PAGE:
How did you get into programming? I’ve been a programmer quite a long time. I fooled around with my brother’s Sinclair Spectrum a little, writing in Basic. I really learned the essentials of programming while studying computer science in college. I got my first programming job in 1996, and learned a lot in the dot-com boom years.
What programming language do you specialize in? I don’t specialize in any particular language. I’m happy to learn new languages and use whatever makes the most sense. Lately, I’ve been working mostly with PHP, before that Perl.
What are your hobbies? Martial arts. I practice Wing Chun Kung Fu, Muay Thai, and Brazilian Jiu-Jitsu.
What bugs you the most about people's preconceptions about programmers? Not much. Many preconceptions fit someone I’ve worked with at some point. That said, most people realize the diversity and creativity of the tech community, especially in San Francisco. Most programmers have interesting and productive lives outside of writing code.
How do you break the stereotype? In San Francisco I don’t. Programmers here are starting businesses, building art projects, exploring the world and trying out new and interesting things all the time. The old stereotype has gone the way of the VHS tape.
What's your favorite nickname for a programmer? Let’s create one. The cleaner: a programmer who comes in and saves a project from imminent collapse due to sloppy design or coding.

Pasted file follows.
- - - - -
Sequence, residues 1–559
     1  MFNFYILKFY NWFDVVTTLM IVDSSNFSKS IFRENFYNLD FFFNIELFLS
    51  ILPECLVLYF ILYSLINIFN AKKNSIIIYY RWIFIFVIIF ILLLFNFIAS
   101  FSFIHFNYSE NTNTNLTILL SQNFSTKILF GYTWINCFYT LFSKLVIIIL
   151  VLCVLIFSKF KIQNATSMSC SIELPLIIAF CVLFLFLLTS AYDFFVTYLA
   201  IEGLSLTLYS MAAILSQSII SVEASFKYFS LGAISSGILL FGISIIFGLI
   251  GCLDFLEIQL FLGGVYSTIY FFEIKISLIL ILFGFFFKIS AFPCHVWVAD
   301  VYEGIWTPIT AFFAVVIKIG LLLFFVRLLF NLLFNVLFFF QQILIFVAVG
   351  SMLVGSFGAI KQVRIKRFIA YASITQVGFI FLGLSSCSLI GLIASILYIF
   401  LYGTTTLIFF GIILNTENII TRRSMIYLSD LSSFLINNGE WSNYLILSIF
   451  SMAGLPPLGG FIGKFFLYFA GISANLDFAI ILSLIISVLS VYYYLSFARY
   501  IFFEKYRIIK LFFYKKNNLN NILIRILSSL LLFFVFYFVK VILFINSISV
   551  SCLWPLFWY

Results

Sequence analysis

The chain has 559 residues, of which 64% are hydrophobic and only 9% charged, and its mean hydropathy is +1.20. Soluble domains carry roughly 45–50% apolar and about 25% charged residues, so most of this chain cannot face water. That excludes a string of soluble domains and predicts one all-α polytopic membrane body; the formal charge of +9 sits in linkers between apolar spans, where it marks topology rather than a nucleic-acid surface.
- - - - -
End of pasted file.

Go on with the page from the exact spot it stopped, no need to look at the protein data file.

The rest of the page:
Where do you work? Adobe. I am actually a product manager now, but do enough on open source stuff outside of work.
How did you get into programming? I got into programming because I was told it was the safest stream to choose if you did not know what to do as a career. But I have become more and more aware of how awesome it is to know how to code.
What programming language do you specialize in? HTML, CSS, and JS.
What are your hobbies? Movies, books, music, cooking, painting, and stamp collecting.
What bugs you the most about people's preconceptions about programmers? That they are mostly men, drink Red Bull, and play World of Warcraft.
How do you break the stereotype? I suppose being female makes it easier to blatantly break the stereotype.
What's your favorite nickname for a programmer? Waa?
Where do you work? Stipple, where I'm a cofounder and the CTO
How did you get into programming? I wrote my first program when I was six. Back before Apple specialized in walled gardens, I copied programs out of the various books they sold that included program code in them.
What are your hobbies? Oil painting.
What bugs you the most about people's preconceptions about programmers? That programmers double as IT consultants and would love to fix your computer.
How do you break the stereotype? I have hobbies that keep me away from the keyboard as much as possible (with varying success).
What's your favorite nickname for a programmer? Coder.
Where do you work? User Interface Design and Development for Lawrence Berkeley National Laboratory. I also work for Kizoom.
What are your hobbies? Cooking, gardening, and playing with my one-year-old son.
What bugs you the most about people's preconceptions about programmers? That we're all single, unattractive, antisocial men. It's the kind of stereotype that keeps really talented girls from pursuing careers in engineering and computer science, and that's really sad.
How do you break the stereotype? I'm a married mother who loves to throw dinner parties.
What's your favorite nickname for a programmer? Code slinger? I don't know that many, though I always liked "Pixel Pusher" for a graphic designer.
Where do you work? I'm the CTO and a cofounder of Rabbl.com.